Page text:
This adaptation of Michael Lewis’s 2003 book has had a bit of a long, strange trip to the screen. It was originally green-lit two years ago with Steven Soderbergh directing a screenplay by the great Steven Zaillian (seriously, Searching for Bobby Fischer, see it if you haven’t), but Columbia executives got nervous about Soderbergh’s planned deviations from Zaillian’s script — he wanted to make it a narrative/documentary hybrid, including interviews with the real people involved — and pulled the plug at the last minute. Soderbergh left and Aaron Sorkin was hired for a rewrite; based on the resulting trailer, the studio is pitching it (ha, ha) as something of a follow-up to their previous Sorkin project, The Social Network, with a similar early-fall prestige release date and fast-talking “based on a true story” vibe. The director this go-round is Bennett Miller, back in the chair for the first time since Capote (so yes, that’s Philip Seymour Hoffman, glimpsed briefly as A’s manager Art Howe), and while we’ll never know what Soderbergh’s more experimental take would’ve looked like, we’re very excited by this outstanding trailer. (And bonus points for the Black Keys cue.)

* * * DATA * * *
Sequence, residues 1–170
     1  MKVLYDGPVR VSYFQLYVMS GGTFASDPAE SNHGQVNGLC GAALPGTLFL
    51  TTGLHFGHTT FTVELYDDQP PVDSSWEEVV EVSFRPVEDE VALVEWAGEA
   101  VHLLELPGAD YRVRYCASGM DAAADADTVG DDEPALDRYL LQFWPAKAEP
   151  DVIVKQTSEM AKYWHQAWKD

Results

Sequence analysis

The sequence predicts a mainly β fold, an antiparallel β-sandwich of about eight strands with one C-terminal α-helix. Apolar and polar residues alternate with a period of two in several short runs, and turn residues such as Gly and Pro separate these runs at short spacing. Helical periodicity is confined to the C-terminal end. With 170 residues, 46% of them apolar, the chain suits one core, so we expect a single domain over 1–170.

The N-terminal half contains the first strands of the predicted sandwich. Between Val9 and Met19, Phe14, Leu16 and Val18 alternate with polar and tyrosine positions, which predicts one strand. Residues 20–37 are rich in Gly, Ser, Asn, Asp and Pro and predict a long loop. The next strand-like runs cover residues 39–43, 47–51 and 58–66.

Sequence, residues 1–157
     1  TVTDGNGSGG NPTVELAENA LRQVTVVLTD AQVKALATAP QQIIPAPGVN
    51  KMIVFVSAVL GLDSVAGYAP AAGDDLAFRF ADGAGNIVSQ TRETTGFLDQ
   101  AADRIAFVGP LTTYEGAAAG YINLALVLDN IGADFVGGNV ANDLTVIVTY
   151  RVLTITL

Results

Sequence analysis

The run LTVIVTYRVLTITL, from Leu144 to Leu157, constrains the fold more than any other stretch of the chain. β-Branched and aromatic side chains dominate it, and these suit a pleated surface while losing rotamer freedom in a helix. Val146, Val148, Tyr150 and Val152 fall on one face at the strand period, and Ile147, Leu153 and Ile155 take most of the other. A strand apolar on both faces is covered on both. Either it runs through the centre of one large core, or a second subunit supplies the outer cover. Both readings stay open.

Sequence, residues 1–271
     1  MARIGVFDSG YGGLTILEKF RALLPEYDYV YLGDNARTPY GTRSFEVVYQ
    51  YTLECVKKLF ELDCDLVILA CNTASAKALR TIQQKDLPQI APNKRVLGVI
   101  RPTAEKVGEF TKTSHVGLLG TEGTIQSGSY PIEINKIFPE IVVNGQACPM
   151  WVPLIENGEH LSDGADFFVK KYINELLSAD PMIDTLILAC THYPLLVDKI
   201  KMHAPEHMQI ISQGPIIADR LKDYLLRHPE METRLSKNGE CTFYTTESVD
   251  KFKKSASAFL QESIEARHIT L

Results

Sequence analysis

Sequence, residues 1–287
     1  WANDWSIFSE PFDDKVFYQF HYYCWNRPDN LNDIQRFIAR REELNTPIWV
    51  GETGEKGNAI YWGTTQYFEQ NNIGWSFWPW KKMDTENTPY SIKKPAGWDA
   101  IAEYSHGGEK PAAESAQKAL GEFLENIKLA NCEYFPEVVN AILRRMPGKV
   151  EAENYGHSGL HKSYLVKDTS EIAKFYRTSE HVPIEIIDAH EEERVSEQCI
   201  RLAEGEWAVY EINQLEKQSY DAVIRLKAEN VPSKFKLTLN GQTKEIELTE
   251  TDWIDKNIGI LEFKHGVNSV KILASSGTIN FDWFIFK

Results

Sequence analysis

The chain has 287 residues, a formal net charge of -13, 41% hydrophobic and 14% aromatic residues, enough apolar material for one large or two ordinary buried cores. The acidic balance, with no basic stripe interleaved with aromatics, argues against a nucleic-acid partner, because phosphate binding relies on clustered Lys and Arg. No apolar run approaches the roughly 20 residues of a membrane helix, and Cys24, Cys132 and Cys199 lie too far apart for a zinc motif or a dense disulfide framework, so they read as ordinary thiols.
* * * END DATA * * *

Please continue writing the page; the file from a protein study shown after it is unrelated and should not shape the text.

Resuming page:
And finally, one more parting clip — not a trailer, but an excellent run-up to this weekend’s release of The Green Lantern, courtesy of the fine folks at the Onion News Network:

Have a great weekend, everybody.